Questioning Technology: Lost Memories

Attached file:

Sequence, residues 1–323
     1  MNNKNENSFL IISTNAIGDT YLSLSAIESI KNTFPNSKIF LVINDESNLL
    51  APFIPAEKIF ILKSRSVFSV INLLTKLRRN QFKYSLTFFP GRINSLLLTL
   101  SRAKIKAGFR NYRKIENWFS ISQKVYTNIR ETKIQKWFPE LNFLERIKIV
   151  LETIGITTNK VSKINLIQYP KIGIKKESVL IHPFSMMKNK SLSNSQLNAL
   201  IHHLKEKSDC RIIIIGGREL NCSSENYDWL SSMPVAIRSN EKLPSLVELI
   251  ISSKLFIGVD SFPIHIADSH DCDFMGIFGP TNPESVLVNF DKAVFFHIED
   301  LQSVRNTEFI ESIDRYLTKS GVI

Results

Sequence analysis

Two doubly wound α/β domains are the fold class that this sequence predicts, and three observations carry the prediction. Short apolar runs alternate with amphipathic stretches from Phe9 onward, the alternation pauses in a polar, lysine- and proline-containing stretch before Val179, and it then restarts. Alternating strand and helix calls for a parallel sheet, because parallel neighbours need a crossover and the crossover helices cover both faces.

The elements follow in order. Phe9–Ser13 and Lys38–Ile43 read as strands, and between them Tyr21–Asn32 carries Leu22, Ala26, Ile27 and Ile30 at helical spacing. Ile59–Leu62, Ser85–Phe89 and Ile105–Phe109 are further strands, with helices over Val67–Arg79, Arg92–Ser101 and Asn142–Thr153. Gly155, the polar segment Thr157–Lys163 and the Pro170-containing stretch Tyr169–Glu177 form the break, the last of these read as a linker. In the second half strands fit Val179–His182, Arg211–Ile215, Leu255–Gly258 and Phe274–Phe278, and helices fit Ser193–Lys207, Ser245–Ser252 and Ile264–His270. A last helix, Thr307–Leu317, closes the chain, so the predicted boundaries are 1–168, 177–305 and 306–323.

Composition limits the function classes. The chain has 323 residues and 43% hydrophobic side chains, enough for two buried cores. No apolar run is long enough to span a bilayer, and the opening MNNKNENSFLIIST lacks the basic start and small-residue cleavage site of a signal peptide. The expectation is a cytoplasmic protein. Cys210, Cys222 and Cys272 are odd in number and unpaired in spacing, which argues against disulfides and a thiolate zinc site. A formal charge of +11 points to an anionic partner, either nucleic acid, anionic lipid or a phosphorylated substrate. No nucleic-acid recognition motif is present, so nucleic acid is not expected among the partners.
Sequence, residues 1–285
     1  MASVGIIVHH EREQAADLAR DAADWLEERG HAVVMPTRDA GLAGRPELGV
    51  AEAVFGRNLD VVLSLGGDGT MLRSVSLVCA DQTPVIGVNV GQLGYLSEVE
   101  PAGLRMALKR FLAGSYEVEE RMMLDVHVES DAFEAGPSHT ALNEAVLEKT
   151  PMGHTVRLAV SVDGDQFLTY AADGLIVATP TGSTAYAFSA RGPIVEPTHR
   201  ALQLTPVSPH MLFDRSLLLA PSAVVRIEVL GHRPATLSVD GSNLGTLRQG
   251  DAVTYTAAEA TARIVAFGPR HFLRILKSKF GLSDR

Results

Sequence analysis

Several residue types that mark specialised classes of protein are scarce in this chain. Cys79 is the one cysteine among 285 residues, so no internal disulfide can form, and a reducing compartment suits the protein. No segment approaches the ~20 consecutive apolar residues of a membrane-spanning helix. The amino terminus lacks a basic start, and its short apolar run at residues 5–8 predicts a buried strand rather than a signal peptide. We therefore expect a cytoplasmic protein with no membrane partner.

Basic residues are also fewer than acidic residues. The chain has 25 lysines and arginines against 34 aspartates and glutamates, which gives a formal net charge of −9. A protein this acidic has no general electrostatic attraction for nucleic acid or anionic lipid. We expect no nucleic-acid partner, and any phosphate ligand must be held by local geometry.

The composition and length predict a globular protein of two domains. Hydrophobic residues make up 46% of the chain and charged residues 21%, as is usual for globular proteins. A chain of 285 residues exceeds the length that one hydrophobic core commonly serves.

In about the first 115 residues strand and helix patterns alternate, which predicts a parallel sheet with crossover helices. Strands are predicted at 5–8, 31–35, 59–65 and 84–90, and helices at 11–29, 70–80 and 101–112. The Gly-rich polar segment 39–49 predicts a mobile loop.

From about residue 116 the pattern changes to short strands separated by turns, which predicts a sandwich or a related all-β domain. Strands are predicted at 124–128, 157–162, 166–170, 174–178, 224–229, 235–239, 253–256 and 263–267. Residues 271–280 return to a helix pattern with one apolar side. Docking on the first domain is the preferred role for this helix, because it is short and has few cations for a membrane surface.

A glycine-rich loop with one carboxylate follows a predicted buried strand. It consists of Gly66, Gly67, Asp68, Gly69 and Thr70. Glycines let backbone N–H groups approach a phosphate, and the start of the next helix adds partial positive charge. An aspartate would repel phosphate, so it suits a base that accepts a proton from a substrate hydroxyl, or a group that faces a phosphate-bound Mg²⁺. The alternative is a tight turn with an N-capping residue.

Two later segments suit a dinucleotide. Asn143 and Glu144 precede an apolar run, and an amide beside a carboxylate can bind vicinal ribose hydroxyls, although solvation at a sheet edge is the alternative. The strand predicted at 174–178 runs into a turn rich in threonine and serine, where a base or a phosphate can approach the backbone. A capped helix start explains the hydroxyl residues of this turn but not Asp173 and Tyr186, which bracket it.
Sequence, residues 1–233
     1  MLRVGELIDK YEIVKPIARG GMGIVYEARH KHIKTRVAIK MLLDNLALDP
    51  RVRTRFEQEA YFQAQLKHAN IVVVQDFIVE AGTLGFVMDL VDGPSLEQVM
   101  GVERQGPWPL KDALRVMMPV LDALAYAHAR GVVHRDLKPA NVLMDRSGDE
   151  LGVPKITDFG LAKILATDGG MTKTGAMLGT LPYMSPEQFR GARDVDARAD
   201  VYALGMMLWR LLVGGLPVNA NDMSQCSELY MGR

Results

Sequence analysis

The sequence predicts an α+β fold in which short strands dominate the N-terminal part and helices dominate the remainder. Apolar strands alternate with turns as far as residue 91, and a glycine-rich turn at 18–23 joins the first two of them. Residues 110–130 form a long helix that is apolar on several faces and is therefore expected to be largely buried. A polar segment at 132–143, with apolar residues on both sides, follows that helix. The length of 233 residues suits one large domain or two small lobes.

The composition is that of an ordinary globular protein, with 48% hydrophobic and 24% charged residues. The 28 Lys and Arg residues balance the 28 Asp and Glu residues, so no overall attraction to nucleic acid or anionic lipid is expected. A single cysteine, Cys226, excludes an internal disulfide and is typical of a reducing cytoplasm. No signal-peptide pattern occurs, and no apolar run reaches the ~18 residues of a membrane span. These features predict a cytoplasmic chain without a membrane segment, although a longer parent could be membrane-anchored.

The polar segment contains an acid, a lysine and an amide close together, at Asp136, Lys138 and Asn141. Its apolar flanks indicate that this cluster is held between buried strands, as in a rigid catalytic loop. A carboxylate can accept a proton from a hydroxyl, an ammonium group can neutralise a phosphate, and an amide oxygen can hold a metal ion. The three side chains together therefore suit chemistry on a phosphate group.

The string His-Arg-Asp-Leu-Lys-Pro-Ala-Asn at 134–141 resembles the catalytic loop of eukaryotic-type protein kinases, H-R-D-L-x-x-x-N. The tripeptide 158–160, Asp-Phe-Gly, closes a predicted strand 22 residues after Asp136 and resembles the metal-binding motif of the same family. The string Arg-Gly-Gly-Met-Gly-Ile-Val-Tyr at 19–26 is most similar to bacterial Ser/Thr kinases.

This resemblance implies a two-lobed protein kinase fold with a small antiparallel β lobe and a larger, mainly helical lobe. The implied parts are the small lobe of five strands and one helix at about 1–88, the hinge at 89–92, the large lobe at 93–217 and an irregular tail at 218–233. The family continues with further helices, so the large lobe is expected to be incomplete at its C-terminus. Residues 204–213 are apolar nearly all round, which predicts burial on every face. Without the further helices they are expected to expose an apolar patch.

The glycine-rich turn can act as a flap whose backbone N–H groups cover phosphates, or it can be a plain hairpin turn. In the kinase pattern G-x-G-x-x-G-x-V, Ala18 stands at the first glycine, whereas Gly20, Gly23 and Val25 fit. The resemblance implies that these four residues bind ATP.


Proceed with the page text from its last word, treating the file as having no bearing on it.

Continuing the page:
This holiday season millions of camcorders will whir away in American homes recording family memories for posterity. Posterity? Are you kidding? How about a few years, if you are lucky! It's one of the touchiest questions in video and audio and few amateurs bother to ask it: How long does recording tape last? Most of us operate on the assumption that the tapes we record today will playback far into the future. But how long can we expect that tape to reliably store and recall our video and audio memories? The answer is not found in tape advertisements. But the truth is, unfortunately, that tape, whether it be for video, sound or computer data, is not forever. Unlike movie film -- which can last for decades -- magnetic recording tape is far more fragile. In fact, no magnetic recording medium is permanent. Those ribbons of cobalt ferric oxide or metallic particles inside the plastic shell of a video or audio cassette represent relatively new technology. Even professionals have had only about 25 years of experience with traditional oxide video tapes, and the newer metal tape, introduced with the Video 8 format in 1985, is still an infant. So, how long does a videocassette last? Traditionally, tape manufacturers have waffled on the question. Consumers have been offered some general storage tips (like donÕt leave a cassette on a car seat in the summer sun) and assurances that the subject is not a matter for serious concern. But one leading video tape manufacturer, Sony, has gone on the record with a specific estimate on the life expectancy of its video tape products that should shatter any illusions that video is forever. Sony's research, which applies to both consumer and professional grades of video tape, was conducted in Japan with the company's broadcast Betacam system, the only video recording format that can use either oxide or metal tape formulations. One of the purposes of the study, Sony noted, was to compare the longevity of the newer metal tape against traditional oxide formulations. The durability of both types of tape (which covers the spectrum from brand name bargain tapes sold in supermarkets to high performance premium cassettes) was extensively tested by Sony in environmental chambers at varying temperature and humidity levels. The researchers wanted to find out how environmental conditions affected key performance parameters. In order to see how wear and tear affected tape, Sony ran cassettes through 500 playback and rewind cycles at a slow 1/30 speed on a VCR. The results, according to the Sony study, is that both metal and oxide tape, when stored under environmental conditions of 77 degrees F and at 50% relative humidity "are very stable and have no change in video electromagnetic performance." The Sony report concluded that the life expectancy of any tape depends on disintegration of it's chemical components, such as plastic base film, binder polymers, back-coating materials and lubricants. Heat and moisture accelerate the breakdown of these organic materials in all tape formulations, the report said. So what's the bottom line. How long does Sony tell us we can expect a videocassette to last? Since environmental conditions are the key to the tape's chemical stability, the answer is based on storage conditions. If the user keeps tapes at a constant temperature between 59 degrees and 77 degrees F and at a relative humidity level of 40 to 60 percent, Sony predicts all modern tape formulations will last 15 years without significant degradation. It is important here to note the word "constant" when speaking of the environmental conditions in which tapes are stored. Sony recommends there be little fluctuation in temperature or humidity to prevent expansion and contraction of the base film. Since most of us don't occupy such ideal temperature and humidity-controlled environments at home, the 15 year figure is unrealistic for the average person. For important, irreplaceable tapes, Sony tape product manager Les Burger recommends that consumers follow the practice of many professional video producers and make protection copies from the master tape every three to five years. These copies, though down a generation, at least provide insurance against any deterioration or failure of the original master. Burger also recommends winding important tapes at least one a year. When a tape is so valuable that money is no object for its protection, the ultimate in archival preservation is to make a digital backup copy at a professional video facility. By copying a VHS or Video 8 tape to a professional digital format, there will be virtually no loss of image quality when future copies are made. But be prepared for to pay several hundred dollars for this protection. In the audio world, the same problems apply. This is especially true for home studio musicians who commonly use the inexpensive DAT (digital audio tape) cassette format for music mastering. At a recent Audio Engineering Society seminar in New York City, a group of the nation's top media archivists and recording engineers sounded an alarm concerning false assumptions about the permanence of recording tapes, especially DAT. Veteran recording engineer and multiple Grammy winner Roger Nichols warned musicians to treat the DAT format as a temporary medium and to move their recordings to a more stable format within a year. "When you are worried about longevity the DAT tape isn't quite going to make it," he said. Ironically, the problem of disappearing information on magnetic tape is not limited to amateurs. One of the most passionate pleas at the audio session came from Marc Kirkeby, senior director of the American music archives for Sony, a company that is not only a leading manufacturer of digital recording equipment and media, but the owner of more than 600,000 recordings dating back to the turn of the century. "The potential for disaster out there cannot be overemphasized," said Kirkeby, who noted that many vintage commercial recordings by top artists are retrievable today only through blind luck. "We have tapes from 1949 that sound wonderful," he said. "We have tapes from 1989 that are shot to hell. And it's all just chance." There are valuable analog master tapes from major 1960s recording artists that will be lost within the next decade, Kirkeby predicted. "We had the master of the first Janis Joplin Big Brother album in (at Sony Music Studios) for something a couple of weeks ago and in plenty of places you can see right through it. The shedding (of the magnetic coating) has progressed to the point of total clarity." This holiday season, when a friend or family member comments that they are video taping or recording an event for future generations to enjoy, set them straight. Video tape is not forever. Audio tape is not forever. Magnetic media must be handled with care, stored properly and copied to new media every few years. Such knowledge can save a lot of disappointment down the road.